[sdiy] Odp: Pink?

Mattias Rickardsson mr at analogue.org
Tue Aug 21 12:01:48 CEST 2018

Thanks for bouncing around thoughts about this topic, taking it in
interesting directions. :-) Bouncing back some comments below:

On Fri, 17 Aug 2018 at 16:45, Quincas Moreira <quincas at gmail.com> wrote:

> The waveforms are what they are, squares and saws simply sound bright due
> to the nature of the waveforms and their harmonic content. Which is why
> since the early days filters have been used in synthesis, or waves like
> triangle and sine with variable waveshaping to achieve the desired amount
> of higher harmonics. The model 15 for example has a nice non resonant
> filter bank precisely for these kinds of adjustments. I just use the 3 band
> eq in my Hexmix mixer to roll off some highs when needed. To do so in the
> VCO itself would IMO be undesirable, you may need those high harmonics to
> make a filter sweep really sing, or for FMing other sound aources etc.::
> My take on this is: Just use eq to taste when needed.

True, it's "just" an EQ adjustment - but my point here is that it's the VCO
waveform in itself that is too bright, not that the resulting synth sound
is too bright in the end. What I mean is that the VCO gets too bright and
also too loud when opening up the filter, compared to when the filter is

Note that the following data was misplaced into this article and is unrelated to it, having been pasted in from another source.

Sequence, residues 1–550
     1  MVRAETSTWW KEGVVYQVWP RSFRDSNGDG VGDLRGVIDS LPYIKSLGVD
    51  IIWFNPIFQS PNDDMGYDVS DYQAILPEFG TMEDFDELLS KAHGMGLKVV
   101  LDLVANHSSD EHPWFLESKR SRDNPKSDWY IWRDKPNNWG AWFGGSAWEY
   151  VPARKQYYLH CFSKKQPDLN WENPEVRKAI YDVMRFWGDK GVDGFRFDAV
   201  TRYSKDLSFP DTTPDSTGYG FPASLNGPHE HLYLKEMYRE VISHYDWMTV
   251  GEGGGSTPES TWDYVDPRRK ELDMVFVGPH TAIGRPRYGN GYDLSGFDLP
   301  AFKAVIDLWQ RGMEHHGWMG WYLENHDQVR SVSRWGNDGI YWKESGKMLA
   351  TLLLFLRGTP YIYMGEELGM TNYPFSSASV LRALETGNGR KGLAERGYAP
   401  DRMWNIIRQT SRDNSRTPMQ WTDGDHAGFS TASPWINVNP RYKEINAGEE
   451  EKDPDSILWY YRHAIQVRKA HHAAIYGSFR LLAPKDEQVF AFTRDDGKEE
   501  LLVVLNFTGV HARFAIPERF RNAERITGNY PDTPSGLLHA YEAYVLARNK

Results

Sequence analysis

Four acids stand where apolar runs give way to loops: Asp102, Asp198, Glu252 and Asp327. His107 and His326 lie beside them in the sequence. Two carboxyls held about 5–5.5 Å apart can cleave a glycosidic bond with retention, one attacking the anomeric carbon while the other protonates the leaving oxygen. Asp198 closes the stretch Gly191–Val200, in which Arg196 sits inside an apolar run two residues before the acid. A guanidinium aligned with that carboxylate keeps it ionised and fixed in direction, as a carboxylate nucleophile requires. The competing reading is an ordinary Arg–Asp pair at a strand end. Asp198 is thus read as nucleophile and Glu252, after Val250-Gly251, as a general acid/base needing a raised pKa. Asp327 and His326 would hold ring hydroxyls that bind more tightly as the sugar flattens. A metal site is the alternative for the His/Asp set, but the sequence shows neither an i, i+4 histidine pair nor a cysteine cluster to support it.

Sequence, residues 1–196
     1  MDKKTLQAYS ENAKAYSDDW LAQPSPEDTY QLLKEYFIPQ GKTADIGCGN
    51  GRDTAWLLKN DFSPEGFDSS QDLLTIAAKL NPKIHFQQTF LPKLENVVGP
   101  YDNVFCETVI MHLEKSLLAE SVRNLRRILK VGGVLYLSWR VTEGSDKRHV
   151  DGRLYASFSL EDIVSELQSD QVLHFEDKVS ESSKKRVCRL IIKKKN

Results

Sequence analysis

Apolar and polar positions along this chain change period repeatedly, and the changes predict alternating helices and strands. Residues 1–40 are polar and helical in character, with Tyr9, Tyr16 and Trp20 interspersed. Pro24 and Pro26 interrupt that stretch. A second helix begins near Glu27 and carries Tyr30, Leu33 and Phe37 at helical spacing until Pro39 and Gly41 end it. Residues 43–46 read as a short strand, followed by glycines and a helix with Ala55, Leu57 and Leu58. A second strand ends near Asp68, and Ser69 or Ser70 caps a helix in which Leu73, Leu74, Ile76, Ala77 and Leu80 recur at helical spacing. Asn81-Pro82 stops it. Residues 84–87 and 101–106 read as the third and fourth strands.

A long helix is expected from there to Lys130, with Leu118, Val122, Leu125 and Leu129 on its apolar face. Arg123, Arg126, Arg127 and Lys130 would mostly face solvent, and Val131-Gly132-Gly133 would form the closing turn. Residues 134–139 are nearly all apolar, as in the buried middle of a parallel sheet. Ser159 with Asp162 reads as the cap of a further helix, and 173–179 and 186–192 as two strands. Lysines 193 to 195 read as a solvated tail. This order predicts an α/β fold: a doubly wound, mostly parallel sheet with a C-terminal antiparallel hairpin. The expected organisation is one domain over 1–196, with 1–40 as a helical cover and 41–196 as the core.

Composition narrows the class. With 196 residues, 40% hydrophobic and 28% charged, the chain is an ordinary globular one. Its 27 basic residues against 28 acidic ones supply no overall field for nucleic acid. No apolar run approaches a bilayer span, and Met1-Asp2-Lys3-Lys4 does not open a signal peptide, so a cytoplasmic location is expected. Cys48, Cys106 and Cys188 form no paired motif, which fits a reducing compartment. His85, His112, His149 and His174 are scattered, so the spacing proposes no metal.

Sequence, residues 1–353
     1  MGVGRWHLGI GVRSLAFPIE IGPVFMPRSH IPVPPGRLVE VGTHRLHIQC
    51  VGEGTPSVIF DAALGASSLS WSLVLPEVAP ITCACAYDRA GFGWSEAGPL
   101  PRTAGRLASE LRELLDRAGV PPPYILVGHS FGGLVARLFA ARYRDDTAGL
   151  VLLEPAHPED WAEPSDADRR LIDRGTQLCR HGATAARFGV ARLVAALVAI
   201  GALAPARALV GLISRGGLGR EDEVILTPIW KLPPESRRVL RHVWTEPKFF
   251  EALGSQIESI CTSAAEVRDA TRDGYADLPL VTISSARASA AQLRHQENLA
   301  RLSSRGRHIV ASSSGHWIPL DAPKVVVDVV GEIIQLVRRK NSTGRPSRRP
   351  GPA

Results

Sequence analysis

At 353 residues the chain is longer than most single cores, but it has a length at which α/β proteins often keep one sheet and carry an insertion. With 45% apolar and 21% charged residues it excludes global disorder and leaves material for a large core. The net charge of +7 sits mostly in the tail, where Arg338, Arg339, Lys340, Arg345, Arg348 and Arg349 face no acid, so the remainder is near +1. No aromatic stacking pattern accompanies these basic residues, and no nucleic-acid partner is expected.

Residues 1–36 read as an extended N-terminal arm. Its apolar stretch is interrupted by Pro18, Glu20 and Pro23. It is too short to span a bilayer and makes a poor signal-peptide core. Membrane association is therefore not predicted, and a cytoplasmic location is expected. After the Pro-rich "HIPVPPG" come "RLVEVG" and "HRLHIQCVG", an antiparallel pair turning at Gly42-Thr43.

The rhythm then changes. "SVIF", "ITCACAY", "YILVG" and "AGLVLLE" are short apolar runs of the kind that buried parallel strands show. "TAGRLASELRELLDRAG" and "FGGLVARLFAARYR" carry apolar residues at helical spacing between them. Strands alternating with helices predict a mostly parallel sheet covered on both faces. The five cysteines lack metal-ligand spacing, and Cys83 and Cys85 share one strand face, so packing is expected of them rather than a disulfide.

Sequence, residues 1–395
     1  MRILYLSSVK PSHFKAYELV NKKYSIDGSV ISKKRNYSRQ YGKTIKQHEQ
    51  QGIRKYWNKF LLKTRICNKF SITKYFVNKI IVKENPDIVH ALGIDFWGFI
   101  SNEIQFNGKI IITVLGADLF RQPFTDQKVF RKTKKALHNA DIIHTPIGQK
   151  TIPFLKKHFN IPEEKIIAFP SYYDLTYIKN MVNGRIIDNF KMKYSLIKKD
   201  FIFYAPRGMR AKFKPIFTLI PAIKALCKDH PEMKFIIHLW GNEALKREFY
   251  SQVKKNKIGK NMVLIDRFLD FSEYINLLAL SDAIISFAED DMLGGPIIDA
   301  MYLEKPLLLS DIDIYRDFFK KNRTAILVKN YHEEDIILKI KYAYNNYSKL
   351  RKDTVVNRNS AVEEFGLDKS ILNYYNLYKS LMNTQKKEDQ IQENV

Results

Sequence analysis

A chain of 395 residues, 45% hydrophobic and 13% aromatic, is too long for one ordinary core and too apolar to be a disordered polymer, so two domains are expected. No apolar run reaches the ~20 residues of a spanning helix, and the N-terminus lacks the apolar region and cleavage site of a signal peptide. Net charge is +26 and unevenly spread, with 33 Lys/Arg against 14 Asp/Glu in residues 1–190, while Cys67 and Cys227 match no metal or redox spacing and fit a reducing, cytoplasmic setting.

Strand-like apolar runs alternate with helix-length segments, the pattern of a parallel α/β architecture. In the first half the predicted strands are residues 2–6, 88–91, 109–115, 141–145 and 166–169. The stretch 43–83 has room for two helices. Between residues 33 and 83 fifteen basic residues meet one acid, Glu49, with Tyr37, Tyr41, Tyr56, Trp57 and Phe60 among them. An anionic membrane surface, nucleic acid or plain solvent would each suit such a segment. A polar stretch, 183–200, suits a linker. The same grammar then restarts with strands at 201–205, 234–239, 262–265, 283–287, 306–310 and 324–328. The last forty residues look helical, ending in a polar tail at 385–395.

almost closed and everything sounds alright. If this would be compensated
with an EQ, you'd have to adjust that EQ when tweaking the filter. And
since the filter is typically tweaked by its envelope every time a synth
sound is played, the EQ would have to follow the filter envelope. All this
just to compensate for a problem with the VCO signal. Not really efficient!

I don't fully agree with that history writing regarding the use of filters
in synthesis, but that's less important here. :-)

BTW, I should also mention that I'm not suggesting that the spectral
balance of VCOs is necessary problematic in modulation routings, only in
the audio routing that is routed in the direction of human ears.

On Fri, 17 Aug 2018 at 17:18, <mskala at ansuz.sooke.bc.ca> wrote:

> But any low-pass VCF with at least one pole will roll off the high end at
> at least 6dB/octave in the limit of high frequencies, which is already a
> sharper roll-off than traditional 3dB/octave pink noise.  So if the output
> of the VCF still sounds too bright for you (too much high-frequency